I know also that, on the average, tenants of the less recent municipal housing are paying more than an economic rent. In a paper read to this year’s conference of the Society of Housing Managers, Mr. A. L. Strachan supplied figures showing that the economic rent of local authority housing built between 1927 and 1936 was 9s. 6d. Similar houses built in 1949 had an economic rent of 26s. 6d., and in 1962 of 64s. 5d. The current rents of these houses were 21s. 4d., 31s. 2d. and 28s. 6d., respectively. “Thus pre-war houses had had their rents raised to compare with post-war economic rents, and even 1949 rents showed a surplus for the local authority after all charges had been met.” Most local authorities have a stock of pre-war and early post-war houses financed at low rates of interest, the present day rent of which is more than is necessary to meet the costs on these houses. Thus as their rents rise they yield an increasing “profit” to the local authority, which can be used to meet deficits on newer houses. This of course is not a permanent solution to the local authorities’ house finance problems, but it does draw attention to the effect of interest rates on the cost of housebuilding. The rate at which loans are made by the Public Works Loans Board is fixed by the Bank Rate, which was kept at (by present standards) a low level, until with the coming of the Conservative government to power in 1951, the manipulation of Bank Rate became an instrument of economic policy.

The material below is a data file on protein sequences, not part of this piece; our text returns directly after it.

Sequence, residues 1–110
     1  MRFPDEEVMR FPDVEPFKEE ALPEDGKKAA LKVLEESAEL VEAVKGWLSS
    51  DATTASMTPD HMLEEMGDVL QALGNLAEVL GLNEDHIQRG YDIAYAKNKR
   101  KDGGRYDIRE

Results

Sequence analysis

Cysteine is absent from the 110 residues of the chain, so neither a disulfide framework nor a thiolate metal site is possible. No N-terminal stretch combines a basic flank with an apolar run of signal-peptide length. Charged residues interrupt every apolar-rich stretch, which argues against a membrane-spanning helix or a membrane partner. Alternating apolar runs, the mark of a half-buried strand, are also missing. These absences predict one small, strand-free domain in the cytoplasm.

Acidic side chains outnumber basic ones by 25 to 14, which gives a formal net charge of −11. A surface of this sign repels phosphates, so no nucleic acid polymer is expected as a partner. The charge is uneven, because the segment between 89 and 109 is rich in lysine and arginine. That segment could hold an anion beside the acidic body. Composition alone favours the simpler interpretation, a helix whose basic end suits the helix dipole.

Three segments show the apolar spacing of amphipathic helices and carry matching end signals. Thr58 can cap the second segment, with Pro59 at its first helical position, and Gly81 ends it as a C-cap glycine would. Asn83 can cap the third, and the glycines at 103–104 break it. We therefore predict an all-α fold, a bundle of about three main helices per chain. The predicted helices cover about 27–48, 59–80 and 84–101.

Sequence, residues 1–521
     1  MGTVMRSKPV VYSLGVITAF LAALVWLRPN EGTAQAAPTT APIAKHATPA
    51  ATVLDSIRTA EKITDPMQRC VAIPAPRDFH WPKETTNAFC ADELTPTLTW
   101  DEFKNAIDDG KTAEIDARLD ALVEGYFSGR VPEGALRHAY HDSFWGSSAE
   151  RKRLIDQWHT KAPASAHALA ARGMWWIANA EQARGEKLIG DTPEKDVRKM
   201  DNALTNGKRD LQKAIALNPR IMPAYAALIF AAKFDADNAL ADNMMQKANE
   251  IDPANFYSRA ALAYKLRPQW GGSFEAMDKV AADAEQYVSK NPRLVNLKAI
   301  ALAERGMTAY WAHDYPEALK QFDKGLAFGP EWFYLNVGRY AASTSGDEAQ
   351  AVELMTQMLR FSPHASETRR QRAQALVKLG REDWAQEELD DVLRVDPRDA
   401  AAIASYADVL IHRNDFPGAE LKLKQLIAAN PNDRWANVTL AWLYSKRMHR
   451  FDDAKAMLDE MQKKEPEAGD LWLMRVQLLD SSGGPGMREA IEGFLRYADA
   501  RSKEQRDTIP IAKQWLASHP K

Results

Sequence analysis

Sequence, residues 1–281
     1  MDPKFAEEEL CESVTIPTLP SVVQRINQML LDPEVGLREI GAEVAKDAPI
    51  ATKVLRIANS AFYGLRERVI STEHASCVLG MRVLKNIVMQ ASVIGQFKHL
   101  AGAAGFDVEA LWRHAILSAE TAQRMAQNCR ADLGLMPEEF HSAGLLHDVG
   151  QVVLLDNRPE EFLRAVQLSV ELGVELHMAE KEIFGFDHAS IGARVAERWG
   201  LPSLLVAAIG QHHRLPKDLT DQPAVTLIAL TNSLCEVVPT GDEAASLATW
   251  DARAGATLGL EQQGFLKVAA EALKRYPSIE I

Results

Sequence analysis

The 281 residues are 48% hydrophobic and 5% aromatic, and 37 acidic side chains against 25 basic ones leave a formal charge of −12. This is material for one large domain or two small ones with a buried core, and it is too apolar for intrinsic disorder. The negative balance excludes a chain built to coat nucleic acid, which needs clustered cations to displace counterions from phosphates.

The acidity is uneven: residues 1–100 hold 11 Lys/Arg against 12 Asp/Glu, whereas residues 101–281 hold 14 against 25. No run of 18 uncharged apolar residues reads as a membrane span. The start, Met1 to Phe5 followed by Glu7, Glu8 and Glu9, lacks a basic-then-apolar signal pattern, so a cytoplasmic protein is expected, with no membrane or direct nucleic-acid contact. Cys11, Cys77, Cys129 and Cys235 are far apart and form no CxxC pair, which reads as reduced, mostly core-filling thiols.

Twice this year we have been given figures to show that by far the heaviest costs in building, are not in construction but in servicing the loans. Norman Wates illustrated this at the International Construction Conference, and at the RIBA Conference, Mr. Womersley, the City Architect for Sheffield produced figures to show that the economic rent of a house was made up of 17 per cent for the cost of building, 3 per cent for the cost of land, 15 per cent on rates, 12 per cent on maintenance, and 53 percent on servicing the loans. The way to bring down the cost of housing is not, to reduce standards, which, (in spite of Mr. Neville) are already too low, but to make cheap money available for housing purposes. The government which has lent a private company £17½ million at 4½ per cent fixed interest, to build a new luxury liner, cannot bring itself to lend money for housing below 6 per cent.

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Aug 16 2018 00:06